Glenn Ellis

Glenn Ellis

There are many topics in our society that are considered taboo. Though a fact of life, people just don’t talk about them. One of those topics is low testosterone and its consequences.  Many males feel embarrassed about it, but they shouldn’t be.

Let’s safe with definitions. Testosterone is a male hormone that is found in higher amounts as a person goes through adolescents and into their early 20s. As a person gets older, they may start to reduce their levels of testosterone. There are small levels of it for females, but their main level of sex hormone is estrogen. In addition, testosterone is a primary element in being able to build muscle. This is one of the prime reasons why men are prone to have more muscle tone than women.
Most of the testosterone in a man’s body is produced in the testicles. It helps maintain reproductive tissues, stimulate sperm production, stimulate and maintain sexual function, increase muscle mass and strength, and to maintain bone strength.
Just like your cholesterol or blood pressure, there is a numerical range of testosterone levels,  also known as T levels, that are considered normal. The brain and the testicles work together to keep testosterone in this range. When levels of testosterone are below normal, the brain signals the testicles to make more. When testosterone levels reach a normal level, the brain signals the testicles to make less.
It’s natural for men to produce less testosterone as they age. What’s not a natural part of aging is a medical condition known as hypogonadism that can be caused by Low T. Symptoms include reduced sexual function, depressed mood, and decreased energy. The signs and symptoms of Low T may be difficult to tell from the changes that occur with normal aging. Symptoms are frequently subtle, and are similar to those caused by other medical conditions.
Diabetes, metabolic syndrome, depression, erectile dysfunction, obesity, and high blood pressure have all been linked to testosterone deficiency. Low testosterone isn’t known to cause these health problems, and replacing testosterone isn’t the cure. Still, the associations between low testosterone and other medical conditions are interesting and worth a look. Experts don’t suggest that low testosterone causes these conditions. In fact, it might be the other way around. That is, men with medical problems or who are in poor general health might then develop low testosterone.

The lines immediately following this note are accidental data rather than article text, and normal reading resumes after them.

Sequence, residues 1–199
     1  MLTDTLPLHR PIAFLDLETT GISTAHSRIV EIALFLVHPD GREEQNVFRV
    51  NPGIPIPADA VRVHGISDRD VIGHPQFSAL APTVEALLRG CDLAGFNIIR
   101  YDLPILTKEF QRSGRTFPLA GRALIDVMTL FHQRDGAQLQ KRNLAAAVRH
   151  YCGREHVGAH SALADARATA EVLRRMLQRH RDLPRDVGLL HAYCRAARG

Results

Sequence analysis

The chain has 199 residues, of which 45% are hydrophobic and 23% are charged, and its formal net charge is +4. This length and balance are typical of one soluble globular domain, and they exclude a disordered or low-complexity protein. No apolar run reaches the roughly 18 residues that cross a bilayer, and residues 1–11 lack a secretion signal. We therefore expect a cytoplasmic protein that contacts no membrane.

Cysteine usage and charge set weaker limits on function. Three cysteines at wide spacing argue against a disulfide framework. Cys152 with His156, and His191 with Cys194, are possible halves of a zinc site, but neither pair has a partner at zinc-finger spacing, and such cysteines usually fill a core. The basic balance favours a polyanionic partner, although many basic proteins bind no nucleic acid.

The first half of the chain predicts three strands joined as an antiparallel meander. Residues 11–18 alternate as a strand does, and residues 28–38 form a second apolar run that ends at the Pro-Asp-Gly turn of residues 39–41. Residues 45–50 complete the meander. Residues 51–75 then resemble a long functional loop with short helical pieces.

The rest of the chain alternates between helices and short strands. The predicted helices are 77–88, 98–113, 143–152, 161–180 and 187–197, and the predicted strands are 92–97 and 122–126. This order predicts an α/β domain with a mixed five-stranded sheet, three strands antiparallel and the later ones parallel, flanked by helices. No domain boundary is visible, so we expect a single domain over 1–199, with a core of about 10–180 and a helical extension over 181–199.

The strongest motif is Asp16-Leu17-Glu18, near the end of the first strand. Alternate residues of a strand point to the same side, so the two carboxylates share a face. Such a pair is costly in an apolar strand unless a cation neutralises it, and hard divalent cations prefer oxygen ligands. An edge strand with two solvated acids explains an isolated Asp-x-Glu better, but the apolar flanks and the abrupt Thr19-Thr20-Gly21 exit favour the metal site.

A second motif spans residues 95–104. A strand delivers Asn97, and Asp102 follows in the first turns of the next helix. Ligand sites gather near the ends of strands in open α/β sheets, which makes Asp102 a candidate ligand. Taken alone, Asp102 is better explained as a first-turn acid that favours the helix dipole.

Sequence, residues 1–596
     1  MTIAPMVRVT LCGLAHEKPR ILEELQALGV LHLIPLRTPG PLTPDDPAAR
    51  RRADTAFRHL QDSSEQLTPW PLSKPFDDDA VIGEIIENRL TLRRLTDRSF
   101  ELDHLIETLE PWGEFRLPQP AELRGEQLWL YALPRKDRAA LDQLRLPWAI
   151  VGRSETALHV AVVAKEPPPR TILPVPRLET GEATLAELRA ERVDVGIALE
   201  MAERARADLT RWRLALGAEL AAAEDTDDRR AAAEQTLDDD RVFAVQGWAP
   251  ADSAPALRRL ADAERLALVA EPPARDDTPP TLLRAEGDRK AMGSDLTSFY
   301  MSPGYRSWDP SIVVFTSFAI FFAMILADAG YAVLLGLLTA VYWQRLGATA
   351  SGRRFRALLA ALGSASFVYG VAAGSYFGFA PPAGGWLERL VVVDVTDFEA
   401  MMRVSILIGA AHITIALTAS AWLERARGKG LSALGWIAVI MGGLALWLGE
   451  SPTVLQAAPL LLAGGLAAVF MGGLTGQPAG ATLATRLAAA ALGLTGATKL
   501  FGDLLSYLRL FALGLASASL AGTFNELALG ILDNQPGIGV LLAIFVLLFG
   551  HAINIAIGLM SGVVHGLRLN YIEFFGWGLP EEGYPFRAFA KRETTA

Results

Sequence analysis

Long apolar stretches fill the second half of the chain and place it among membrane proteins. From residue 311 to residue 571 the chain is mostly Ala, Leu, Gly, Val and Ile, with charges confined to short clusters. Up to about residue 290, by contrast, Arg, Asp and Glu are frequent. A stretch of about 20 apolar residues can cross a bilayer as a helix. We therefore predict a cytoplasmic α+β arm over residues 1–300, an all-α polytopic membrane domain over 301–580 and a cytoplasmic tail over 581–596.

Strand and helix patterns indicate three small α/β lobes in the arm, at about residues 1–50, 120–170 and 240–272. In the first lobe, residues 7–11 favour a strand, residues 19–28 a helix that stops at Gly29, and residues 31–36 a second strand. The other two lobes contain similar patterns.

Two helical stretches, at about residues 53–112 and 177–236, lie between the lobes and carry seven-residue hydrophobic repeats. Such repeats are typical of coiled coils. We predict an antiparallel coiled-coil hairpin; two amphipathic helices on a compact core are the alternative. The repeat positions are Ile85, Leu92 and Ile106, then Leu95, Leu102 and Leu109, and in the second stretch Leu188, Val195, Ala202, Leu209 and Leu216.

A link between diabetes and low testosterone is well established. Men with diabetes are more likely to have low testosterone. And men with low testosterone are more likely to later develop diabetes. Testosterone helps the body’s tissues take up more blood sugar in response to insulin. Men with low testosterone more often have insulin resistance: they need to produce more insulin to keep blood sugar normal.
As a man gets older, it is natural for the amount of testosterone that is produced to be reduced. Testosterone supplements in men with low testosterone can also reduce obesity slightly. There are various testosterone supplements too that can help someone to be able boost their level of testosterone. They are often found in health food stores and online. They seem to offer an all-natural way to increase levels of testosterone. Not all supplements though contain the same ingredients or offer the same overall value. It is very important to follow the directions on how to use them.
There are quite a few different testosterone supplements out there on the market to choose from. They can help to increase the value that someone gets from their diet and workout. These supplements help the muscles to get stronger and to be well defined in less time. They also help with the natural production of testosterone so that the levels don’t get too low.
The signs and symptoms of Low T may be difficult to tell from the changes that occur with normal aging, or may be assumed to be caused by other medical conditions. So if you have symptoms of Low T, talk to your doctor during your routine checkup and ask if you should have a blood test.
Remember, I’m not a doctor. I just sound like one.

DISCLAIMER:

The information included in this column is for educational purposes only. It is not intended nor implied to be a substitute for professional medical advice. The reader should always consult his or her healthcare provider to determine the appropriateness of the information for their own situation or if they have any questions regarding a medical condition or treatment plan.)

Glenn Ellis, is a regular media contributor on Health Equity and Medical Ethics. He is the author of Which Doctor?, and Information is the Best MedicineListen to him every Saturday at 9 a.m. (EST) on  www.900amwurd.com, and Sundays at 8:30 a.m. (EST) onwww.wdasfm.com. For more good health information, visit: 

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